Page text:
I wouldn't walk around the block to hear Christopher Hitchens take cheap shots at Christians. But I'd get on the subway, and maybe even a plane, to hear Amanda Gulledge tell me why her kids are good people too.
Would I prefer it if everybody could throw off what I see as the shackles of religious thinking? Sure. Could I live with it if they could simply learn to tolerate and respect those who didn't share their particular belief system? Yes, I could.


Ron Krumpos said...

Orthodox, institutional religions are quite different, but their mystics have much in common. A quote from the chapter "Mystic Viewpoints" in my e-book at on comparative mysticism:

Ritual and Symbols. The inner meanings of the scriptures, the spiritual teachings of the prophets and those personal searchings which can lead to divine union were often given lesser importance than outward rituals, symbolism and ceremony in many institutional religions. Observances, reading scriptures, prescribed acts, and following orthodox beliefs cannot replace your personal dedication, contemplation, activities, and direct experience. Preaching is too seldom teaching. For true mystics, every day is a holy day. Divine revelation is here and now, not limited to their sacred scriptures.

Conflicts in Conventional Religion. "What’s in a Word?" outlined some primary differences between religions and within each faith. The many divisions in large religions disagreed, sometimes bitterly. The succession of authority, interpretations of scriptures, doctrines, organization, terminology, and other disputes have often caused resentment. The customs, worship, practices, and behavior within the mainstream of religions frequently conflicted. Many leaders of any religion had only united when confronted by someone outside their faith, or by agnostics or atheists. Few mystics have believed divine oneness is exclusive to their religion or is restricted to any people.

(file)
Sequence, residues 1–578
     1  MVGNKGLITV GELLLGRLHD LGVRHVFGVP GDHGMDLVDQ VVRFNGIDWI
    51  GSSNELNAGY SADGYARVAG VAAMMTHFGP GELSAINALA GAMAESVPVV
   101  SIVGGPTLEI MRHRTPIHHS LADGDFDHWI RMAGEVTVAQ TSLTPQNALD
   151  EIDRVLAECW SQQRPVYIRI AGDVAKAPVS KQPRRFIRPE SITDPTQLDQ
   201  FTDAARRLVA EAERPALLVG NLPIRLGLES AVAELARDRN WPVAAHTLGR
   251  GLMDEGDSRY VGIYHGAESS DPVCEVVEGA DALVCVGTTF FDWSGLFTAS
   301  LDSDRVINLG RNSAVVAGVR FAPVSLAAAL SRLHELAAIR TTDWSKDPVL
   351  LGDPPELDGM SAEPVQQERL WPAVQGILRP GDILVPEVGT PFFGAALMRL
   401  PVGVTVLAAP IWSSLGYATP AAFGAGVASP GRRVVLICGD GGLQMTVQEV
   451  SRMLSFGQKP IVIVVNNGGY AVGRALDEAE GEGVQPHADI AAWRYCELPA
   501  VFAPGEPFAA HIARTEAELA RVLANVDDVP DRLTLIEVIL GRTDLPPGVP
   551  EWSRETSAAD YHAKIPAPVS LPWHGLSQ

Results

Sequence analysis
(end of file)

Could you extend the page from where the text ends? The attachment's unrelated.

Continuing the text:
Note: This is just a consensus to indicate some differences between the approaches of mystics and that of their institutional religion. These statements do not represent all schools of mysticism or every division of faith. Whether mystical experiences vary in their cultural context, or are similar for all true mystics, is less important than that they transform each one’s sense of being to a transpersonal outlook on all life.

Lance Christian Johnson said...

You've posted this elsewhere, no? A quick Google search shows that you've posted this to quite a few forums/blogs.